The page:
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Beach at Sunset

Addiction Treatment Services

Virtual Intensive Outpatient Program

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Astra Behavioral Health's Adult (18+) virtual intensive outpatient program, occurs online through a secure, HIPAA compliant teleconference platform hosted by our Masters level Therapist, three days a week. Our program focuses on treating one's emotional, mental, physical health and the impact that substance use and mental health has on the whole person.

The Freedom Recovery program offers two virtual adult group times to best fit into our client's work, school and family schedules. We aim to break down any barriers that may hinder our clients from receiving treatment.

​IOP Group Schedule:

Monday, Wednesday and Thursday

Daytime Group: 10:00am - 1:00pm EST

Evening Group: 5:00pm - 8:00pm EST

Freedom Recovery utilizes a team approach to provide our clients with an encompassing treatment plan personalized to their individual recovery goals. A recovery treatment team could consist of the following:


Therapist: our recovery therapist provides multiple forms of therapy to group participates including individual, group and family counseling. 
Psychiatrist/Nurse Practitioner: our Psychiatrist or psychiatric nurse practitioners work with participants to monitor and manage prescribed psychiatric medications.
Primary Care Physician: we are obligated to inform our client's Primary Care Physician of their group participation, and we may need to communicate with them during the course of treatment, if appropriate.
Patient Care Coordinator: guides participates through the recovery program and should be your main point of contact for additional support for the duration of treatment.
Targeted Case Management: if eligible, targeted case management is strongly recommended to assist you in obtaining resources such as housing, applying for insurance, state programs, transportation, clothing, outside appointments, and much more.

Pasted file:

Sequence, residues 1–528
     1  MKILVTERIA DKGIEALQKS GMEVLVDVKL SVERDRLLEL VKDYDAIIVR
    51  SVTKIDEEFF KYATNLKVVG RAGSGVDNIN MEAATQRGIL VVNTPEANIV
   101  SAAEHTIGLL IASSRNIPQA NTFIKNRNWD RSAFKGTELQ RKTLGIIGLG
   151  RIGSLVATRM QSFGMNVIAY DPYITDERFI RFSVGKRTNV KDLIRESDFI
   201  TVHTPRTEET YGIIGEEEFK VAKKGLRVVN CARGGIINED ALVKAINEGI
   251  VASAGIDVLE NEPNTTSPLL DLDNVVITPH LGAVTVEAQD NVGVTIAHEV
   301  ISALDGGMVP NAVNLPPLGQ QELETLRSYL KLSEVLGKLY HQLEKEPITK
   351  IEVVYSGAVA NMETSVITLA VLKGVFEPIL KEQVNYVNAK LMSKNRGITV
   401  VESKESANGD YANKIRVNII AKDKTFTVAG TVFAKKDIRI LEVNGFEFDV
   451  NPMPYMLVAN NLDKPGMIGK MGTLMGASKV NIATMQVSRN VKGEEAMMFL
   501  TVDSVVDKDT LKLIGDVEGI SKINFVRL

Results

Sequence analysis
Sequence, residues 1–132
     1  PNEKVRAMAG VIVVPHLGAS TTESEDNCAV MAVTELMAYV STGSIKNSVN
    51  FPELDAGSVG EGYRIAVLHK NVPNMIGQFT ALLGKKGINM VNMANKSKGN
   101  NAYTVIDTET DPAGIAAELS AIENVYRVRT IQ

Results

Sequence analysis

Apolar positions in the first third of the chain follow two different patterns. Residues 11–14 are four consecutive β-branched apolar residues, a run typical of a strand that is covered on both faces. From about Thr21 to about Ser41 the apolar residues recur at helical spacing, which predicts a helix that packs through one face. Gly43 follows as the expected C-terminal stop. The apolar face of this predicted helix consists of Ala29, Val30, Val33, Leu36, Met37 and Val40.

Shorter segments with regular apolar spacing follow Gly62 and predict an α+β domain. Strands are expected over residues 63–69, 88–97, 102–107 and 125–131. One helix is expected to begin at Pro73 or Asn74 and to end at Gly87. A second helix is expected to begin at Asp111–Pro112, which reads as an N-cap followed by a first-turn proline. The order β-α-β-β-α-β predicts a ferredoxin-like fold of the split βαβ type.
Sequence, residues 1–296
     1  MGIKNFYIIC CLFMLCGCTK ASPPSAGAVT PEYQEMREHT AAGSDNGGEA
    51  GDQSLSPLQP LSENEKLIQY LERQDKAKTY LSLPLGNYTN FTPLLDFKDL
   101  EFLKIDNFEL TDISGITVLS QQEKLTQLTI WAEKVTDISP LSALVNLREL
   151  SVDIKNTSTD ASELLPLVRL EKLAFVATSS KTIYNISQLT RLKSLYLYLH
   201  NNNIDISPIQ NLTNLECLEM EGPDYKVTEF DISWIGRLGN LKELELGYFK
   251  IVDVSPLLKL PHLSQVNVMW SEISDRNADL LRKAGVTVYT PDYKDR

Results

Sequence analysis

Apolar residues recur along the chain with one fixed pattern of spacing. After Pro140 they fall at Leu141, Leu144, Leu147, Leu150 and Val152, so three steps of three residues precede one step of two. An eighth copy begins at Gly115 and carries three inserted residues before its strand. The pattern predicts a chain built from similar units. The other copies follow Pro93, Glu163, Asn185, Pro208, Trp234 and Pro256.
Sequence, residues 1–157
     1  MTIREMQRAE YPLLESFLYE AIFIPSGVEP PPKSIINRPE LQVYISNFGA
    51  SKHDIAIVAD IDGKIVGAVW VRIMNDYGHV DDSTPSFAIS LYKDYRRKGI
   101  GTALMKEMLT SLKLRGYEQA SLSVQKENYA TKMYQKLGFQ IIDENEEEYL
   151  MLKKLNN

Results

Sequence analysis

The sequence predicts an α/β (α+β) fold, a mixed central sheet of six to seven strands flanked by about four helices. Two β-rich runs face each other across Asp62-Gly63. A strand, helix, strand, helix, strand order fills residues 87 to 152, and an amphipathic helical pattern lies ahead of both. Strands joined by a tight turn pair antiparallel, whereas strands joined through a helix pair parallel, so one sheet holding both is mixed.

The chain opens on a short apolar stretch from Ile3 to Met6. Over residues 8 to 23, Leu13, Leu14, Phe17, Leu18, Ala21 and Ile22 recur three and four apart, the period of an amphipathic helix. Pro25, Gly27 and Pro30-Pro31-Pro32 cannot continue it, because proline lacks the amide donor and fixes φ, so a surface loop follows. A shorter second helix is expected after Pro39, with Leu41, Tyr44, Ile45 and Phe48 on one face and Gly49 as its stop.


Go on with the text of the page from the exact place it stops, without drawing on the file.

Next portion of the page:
Wrap-around services offered to Intensive Outpatient Program participates include:

Medication Assisted Treatment 

Therapy

Medication-assisted treatment (MAT) is the use of medications, in combination with counseling and behavioral therapies, to treat substance use disorders. Medications used in MAT programs are FDA approved and known to be a highly affective first-line treatment options.

Medications we use within our MAT program:

  • Suboxone - buprenorphine/naloxone tablets

  • Sublocade - buprenorphine; monthly injection

  • Subutex - buprenorphine sublingual tablets

  • Vivitrol - naltrexone; monthly injection

  • ReVia or Depade - naltrexone tablets

  • Lucemyra - lofexidine tablets

MAT medications work by blocking the euphoric effects of alcohol and opioids, relieving physiological cravings, and normalizing brain chemistry.

 

The benefits of MAT over other types of treatment have been well demonstrated. Over 500 peer-reviewed research studies have shown that MAT reduces cravings, reduces illicit opioid and alcohol use, provides relief from opioid withdrawal symptoms, and significantly decreases relapse rates. 

 

Other benefits of Medication-assisted Treatment:

  • Improved patient survival​​ - recent studies have found that the use of MAT medications, combined with regular therapy, reduces the death rate among those living with chemical dependency by 50% or more.

  • Decreased alcohol and opiate use - studied have found in patients who are prescribed MAT medications for opiate and/or alcohol use disorder, 90% maintain sobriety at the 2-year mark.

  • Relief from debilitating withdrawal symptoms - buprenorphine tricks the brain by interacting with the same receptors that heroin works on. In this way, Suboxone eliminates the harsh withdrawal effects that occur at the beginning of detox.

  • Curbing or eliminating opiate and/or alcohol cravings - vivitrol and buprenorphine both work by tricking the same receptors opiates and alcohol interact with into believing they are still taking in opiates or alcohol. This process eliminates cravings because the receptors do not crave what they believe they still have.

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